If you’ve ever made money dabbling in a hobby, you’ve likely daydreamed about making it a full-time career. This is especially true if your current job is boring, stressful, or unfulfilling. Side gigs tend to be more exciting because they afford you more freedom, they enable you to engage your creativity or passions, and they give you a practically unlimited income ceiling. But they’re also side gigs for a reason; it’s hard to turn a hobby like knitting or woodworking into a full-time business.

So is it even possible to make your side gig a full-time business? And if so, how can you start?

Understanding Your Potential:

First, you should take a serious look at the potential of your chosen side gig. Not all side gigs offer the same opportunities or the same potential for full-time work, so you should evaluate yours before trying to make the transition.

Ask yourself these questions:

Are there other people making a full-time career with this?

Take a look at your peers. Are there people doing what you’re doing, but on a full-time level? It may be hard to find this information, since online store owners may very well have full-time day jobs, but if you’re truly interested in the answer to this question, consider sending an email to those webmasters. If you can’t find many people who can afford to do this full-time, you may need to consider seeking an alternative line of work.

How much opportunity is there?

You should also consider how much opportunity there is in this side gig. For example, if you’ve dabbled in real estate investing, you can feel confident there are plenty of investment opportunities for someone investing full-time. On the other hand, if you write custom fanfiction for a very niche audience, you might not have the same level of confidence.

How profitable is the work?

Next, consider how much profit there is in the work itself. If you charge $25 for a piece of artwork that cost $5 in materials and an hour of work, you’re effectively working for $20 an hour. Assuming you’re doing this 40 hours a week, is $800 a week enough to fulfill your long-term goals? You can adjust the profitability of your work by working more efficiently or cutting costs, but it pays to get a ballpark early on.

Is this gig scalable?

Don’t forget about scalability. Your operation might work perfectly well when it’s just you, handling a handful of orders a week. But what happens if demand starts to exceed your pace of development? What happens if you aren’t getting enough requests, and you need to go out and hunt for new clients? Consider factors like hiring employees, deploying sales and marketing strategies, and working on a national level; can your business still work?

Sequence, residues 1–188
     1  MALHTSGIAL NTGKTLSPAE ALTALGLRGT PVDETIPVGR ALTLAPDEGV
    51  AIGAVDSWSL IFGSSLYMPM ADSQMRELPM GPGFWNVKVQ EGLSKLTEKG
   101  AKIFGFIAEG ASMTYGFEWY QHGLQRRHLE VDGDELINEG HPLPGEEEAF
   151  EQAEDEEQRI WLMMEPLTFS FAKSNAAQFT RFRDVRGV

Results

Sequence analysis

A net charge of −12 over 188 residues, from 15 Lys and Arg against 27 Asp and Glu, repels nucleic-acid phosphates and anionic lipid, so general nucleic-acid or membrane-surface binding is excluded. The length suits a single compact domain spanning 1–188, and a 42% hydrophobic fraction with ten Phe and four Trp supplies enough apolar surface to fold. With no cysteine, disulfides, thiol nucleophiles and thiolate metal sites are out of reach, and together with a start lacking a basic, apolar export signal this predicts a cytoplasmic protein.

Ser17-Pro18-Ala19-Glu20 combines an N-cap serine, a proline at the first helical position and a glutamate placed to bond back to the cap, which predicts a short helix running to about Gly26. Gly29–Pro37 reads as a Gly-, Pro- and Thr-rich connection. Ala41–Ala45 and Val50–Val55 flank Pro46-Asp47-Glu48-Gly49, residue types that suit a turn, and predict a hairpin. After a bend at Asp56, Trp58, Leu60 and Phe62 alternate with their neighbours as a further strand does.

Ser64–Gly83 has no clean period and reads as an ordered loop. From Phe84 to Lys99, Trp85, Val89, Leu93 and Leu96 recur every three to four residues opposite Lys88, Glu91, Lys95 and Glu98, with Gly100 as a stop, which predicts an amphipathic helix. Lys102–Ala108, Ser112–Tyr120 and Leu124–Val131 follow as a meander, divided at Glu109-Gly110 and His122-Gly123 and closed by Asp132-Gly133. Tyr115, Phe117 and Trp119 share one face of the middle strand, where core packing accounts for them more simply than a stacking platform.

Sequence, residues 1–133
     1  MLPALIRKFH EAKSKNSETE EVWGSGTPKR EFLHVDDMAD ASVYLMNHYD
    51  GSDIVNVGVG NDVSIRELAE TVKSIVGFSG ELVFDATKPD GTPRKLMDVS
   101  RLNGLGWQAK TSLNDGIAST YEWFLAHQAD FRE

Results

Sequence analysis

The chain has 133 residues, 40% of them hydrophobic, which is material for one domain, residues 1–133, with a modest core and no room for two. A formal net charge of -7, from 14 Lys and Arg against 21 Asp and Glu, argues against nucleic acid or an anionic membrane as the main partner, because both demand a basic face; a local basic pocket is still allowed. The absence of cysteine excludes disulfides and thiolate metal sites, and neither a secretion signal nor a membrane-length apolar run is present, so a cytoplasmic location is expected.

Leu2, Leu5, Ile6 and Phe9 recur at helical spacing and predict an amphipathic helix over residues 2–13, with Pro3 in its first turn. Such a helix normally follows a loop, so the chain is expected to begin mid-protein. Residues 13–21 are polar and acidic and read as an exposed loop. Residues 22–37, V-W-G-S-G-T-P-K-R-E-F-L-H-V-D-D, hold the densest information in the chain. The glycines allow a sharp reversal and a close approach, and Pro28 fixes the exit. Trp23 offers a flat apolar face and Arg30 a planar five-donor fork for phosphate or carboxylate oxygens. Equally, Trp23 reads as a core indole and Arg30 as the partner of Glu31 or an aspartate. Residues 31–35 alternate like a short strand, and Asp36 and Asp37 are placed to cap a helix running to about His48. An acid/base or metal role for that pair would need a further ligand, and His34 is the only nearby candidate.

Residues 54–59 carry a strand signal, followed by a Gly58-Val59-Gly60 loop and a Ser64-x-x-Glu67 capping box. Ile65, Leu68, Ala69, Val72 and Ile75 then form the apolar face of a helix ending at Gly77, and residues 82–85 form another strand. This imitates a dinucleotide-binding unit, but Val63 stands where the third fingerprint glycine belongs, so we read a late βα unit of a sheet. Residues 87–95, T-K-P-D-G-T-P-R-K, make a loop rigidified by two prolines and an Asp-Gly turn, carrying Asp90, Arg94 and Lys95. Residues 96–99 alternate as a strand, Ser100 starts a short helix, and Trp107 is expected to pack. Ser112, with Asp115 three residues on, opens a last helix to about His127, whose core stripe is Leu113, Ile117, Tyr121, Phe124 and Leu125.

How to Transition to a Full-Time Business

Assuming you’ve answered these questions positively, and you still feel good about turning your side gig into a full-time business, follow these steps to complete the transition:

1. Write up a business plan.

Before you get too excited, take the time to write a full business plan. This document will outline how your business plans to make money, and how it’s going to scale in the future. It’s your chance to identify the key strengths, weaknesses, opportunities, and threats for your business, and decide whether it’s worth pursuing.

2. Optimize for efficiency.

Look at your current operation, and find new ways to optimize it for efficiency (and therefore, profitability). Is there a way to automate some of your business functions? Are there things you can do faster or cheaper? Can you charge more for your work without losing business? Every bit helps.

3. Create a backup plan.

Half of all businesses fail within the first five years, which means you need to be prepared for that eventuality. Assume that you invest everything in this side hustle, but it goes under after a few years. What will you do then? It pays to have a plan in place from the beginning.

4. Focus on building a consistent stream of revenue.

When trying to make a living from your side gig, consistency will be your best friend. Therefore, your first order of business is finding a way to make your side gig consistent. Depending on your niche, that may mean selling monthly subscriptions instead of individual products or finding recurring customers who pay you every month.

5. Cut ties with your employer amicably.

When you feel confident you can support the side gig full-time, consider cutting ties with your employer. When you do this, do it on good terms, and don’t burn any bridges; that way, you may have a path to a replacement job if things with your side gig don’t work out.

Not everyone can turn their hobby or side business into a full-time career, but with the right insights, questions, and planning, it’s certainly possible. Take your time, do your research, and eventually, you could make a living doing something you’re truly passionate about.